When expressed in binary form, a number is said to have odd parity if it has an odd number of 1’s. And there is a class of so called oddparity functions which return “1” or “true” if an
nbit number is odd, “0” or “false” otherwise. So, the simplest oddparity function is the identity function or the odd1parity function. Another simple and familiar oddparity function is the XOR function also called odd2parity function. We will start our exploration of oddparity functions from here and then go on finding solutions to more complex functions.
Let’s start then by evolving solutions to the XOR function. In this case, we are going to use only the basic Boolean functions in the function set, that is,
F = {N, A, O} and the linking will be done by AND. This problem is solved by GEP with 100% success rate using small populations of only 30 individuals
(Table 4.19, column 1). The solution below was obtained in the first run of this experiment (the subETs are linked by AND):
012345678901234012345678901234 

ANOAOOAabaabbbbOOAOAaObababaab 
(4.35) 
As you can see, this solution is far from parsimonious but, thankfully, for this simple problem it is possible to find out the most parsimonious solution. The function below is extremely parsimonious and was obtained using a unigenic system with an
h = 5:
01234567890 

ANOAObababb 
(4.36) 
The discovery of parsimonious solutions to such basic Boolean functions is extremely important as these functions are frequently used as fundamental building blocks in the construction of more complex functions. As you can see in
Table 4.19, XOR itself was used to evolve solutions to more complex
oddnparity functions and, in fact, its inclusion in the function set was responsible for the high success rates observed in these experiments
(Table 4.19, columns 25). Note also that, in these experiments, XOR was also used to link the subETs. The inclusion of such solutions in the function set or their use in the linking allows not only a much more efficient evolution but also the discovery of parsimonious solutions to more complex problems. Then, if it were necessary to revert to the basic Boolean functions, one only needs to replace these complex building blocks by their parsimonious representation.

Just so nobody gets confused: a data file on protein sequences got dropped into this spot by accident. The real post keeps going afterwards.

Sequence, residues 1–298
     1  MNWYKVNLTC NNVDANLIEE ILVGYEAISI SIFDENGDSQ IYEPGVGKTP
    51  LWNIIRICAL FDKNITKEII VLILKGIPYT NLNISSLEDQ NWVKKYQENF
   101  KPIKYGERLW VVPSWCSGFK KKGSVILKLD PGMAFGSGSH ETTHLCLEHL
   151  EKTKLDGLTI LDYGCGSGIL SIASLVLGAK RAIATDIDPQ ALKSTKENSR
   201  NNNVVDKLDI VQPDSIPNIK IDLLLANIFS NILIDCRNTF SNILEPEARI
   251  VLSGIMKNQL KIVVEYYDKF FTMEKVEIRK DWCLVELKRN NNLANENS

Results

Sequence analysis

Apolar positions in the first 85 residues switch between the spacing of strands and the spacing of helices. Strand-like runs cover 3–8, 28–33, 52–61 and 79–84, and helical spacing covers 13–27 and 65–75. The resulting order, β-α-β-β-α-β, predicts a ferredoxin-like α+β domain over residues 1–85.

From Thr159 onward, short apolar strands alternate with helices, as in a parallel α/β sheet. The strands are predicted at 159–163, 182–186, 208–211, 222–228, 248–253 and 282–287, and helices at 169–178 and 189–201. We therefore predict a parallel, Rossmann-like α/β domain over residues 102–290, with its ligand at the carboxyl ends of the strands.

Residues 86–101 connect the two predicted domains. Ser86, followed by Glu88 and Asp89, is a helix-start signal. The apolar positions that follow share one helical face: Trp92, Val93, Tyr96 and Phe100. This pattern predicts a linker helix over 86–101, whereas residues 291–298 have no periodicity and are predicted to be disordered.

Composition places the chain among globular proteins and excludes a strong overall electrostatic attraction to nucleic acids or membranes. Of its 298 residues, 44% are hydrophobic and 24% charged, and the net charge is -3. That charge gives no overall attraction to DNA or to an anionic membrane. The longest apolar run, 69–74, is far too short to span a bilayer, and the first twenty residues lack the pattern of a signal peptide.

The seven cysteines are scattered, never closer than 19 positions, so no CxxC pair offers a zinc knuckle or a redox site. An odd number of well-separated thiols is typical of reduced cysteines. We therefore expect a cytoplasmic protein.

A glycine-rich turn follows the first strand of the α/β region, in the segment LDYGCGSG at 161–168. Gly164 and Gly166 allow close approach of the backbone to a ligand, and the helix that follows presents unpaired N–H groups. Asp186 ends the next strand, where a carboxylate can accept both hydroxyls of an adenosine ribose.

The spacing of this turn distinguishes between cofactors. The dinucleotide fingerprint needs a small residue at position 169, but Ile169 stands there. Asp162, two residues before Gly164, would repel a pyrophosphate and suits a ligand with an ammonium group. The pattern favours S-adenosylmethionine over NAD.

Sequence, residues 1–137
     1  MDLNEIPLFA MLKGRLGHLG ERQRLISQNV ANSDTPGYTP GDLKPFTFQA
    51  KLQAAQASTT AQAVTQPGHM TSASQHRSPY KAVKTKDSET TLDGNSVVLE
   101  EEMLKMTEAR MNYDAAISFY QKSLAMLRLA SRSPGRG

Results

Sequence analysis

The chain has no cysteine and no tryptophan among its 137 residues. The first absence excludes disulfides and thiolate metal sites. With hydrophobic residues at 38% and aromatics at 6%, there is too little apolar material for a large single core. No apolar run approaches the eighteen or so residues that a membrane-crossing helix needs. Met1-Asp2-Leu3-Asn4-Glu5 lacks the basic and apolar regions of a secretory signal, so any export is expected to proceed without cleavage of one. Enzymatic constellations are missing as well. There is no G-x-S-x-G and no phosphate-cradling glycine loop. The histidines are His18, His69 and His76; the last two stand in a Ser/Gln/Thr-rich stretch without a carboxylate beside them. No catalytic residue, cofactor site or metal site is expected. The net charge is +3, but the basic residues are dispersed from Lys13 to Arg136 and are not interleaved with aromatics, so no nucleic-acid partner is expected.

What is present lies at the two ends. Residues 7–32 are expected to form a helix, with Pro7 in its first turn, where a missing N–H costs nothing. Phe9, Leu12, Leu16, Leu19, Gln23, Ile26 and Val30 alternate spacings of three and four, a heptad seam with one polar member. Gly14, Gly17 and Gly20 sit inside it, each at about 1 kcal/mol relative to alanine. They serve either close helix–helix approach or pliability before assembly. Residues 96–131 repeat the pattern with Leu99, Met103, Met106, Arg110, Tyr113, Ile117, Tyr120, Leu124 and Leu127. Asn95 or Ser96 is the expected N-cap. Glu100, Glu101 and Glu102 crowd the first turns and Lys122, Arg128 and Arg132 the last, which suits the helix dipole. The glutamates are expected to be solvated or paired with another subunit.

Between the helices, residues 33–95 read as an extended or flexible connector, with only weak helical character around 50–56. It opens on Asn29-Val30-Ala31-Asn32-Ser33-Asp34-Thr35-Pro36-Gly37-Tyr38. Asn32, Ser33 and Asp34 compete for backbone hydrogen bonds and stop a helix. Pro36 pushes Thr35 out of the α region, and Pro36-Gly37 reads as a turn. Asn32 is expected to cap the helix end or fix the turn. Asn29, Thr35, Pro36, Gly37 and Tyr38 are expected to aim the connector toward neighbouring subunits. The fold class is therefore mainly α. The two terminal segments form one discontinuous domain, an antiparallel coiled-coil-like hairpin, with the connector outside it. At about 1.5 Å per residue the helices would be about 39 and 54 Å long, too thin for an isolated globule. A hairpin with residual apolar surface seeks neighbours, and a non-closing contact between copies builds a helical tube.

Table 4.19
Parameters for the oddnparity problem using the basic GEA.

Odd2 
Odd3 
Odd4 
Odd5 
Odd6 
Number
of runs 
100 
100 
100 
100 
100 
Number
of generations 
50 
50 
50 
100 
200 
Population
size 
30 
10 
30 
30 
30 
Number
of fitness cases 
4 
8 
16 
32 
64 
Function
set 
A O N 
A O N
X 
A O N
X 
A O N
X 
(A O N
X)_{2} 
Terminal
set 
a b 
a b c 
a b c
d 
a b c
d e 
a b c
d e f 
Head
length 
7 
7 
7 
7 
7 
Number
of genes 
2 
3 
3 
3 
3 
Linking
function 
A 
X 
X 
X 
X 
Chromosome
length 
30 
45 
45 
45 
45 
Mutation
rate 
0.044 
0.044 
0.044 
0.044 
0.044 
Onepoint
recombination rate 
0.3 
0.3 
0.3 
0.3 
0.3 
Twopoint
recombination rate 
0.3 
0.3 
0.3 
0.3 
0.3 
Gene
recombination rate 
0.1 
0.1 
0.1 
0.1 
0.1 
Gene
transposition rate 
0.1 
0.1 
0.1 
0.1 
0.1 
IS
transposition rate 
0.1 
0.1 
0.1 
0.1 
0.1 
IS
elements length 
1,2,3 
1,2,3 
1,2,3 
1,2,3 
1,2,3 
RIS
transposition rate 
0.1 
0.1 
0.1 
0.1 
0.1 
RIS
elements length 
1,2,3 
1,2,3 
1,2,3 
1,2,3 
1,2,3 
Success
rate 
100% 
100% 
98% 
93% 
91% 
In the next section we are going to see another way of including such complex building blocks in the GEP toolkit, namely, through the use of user defined functions.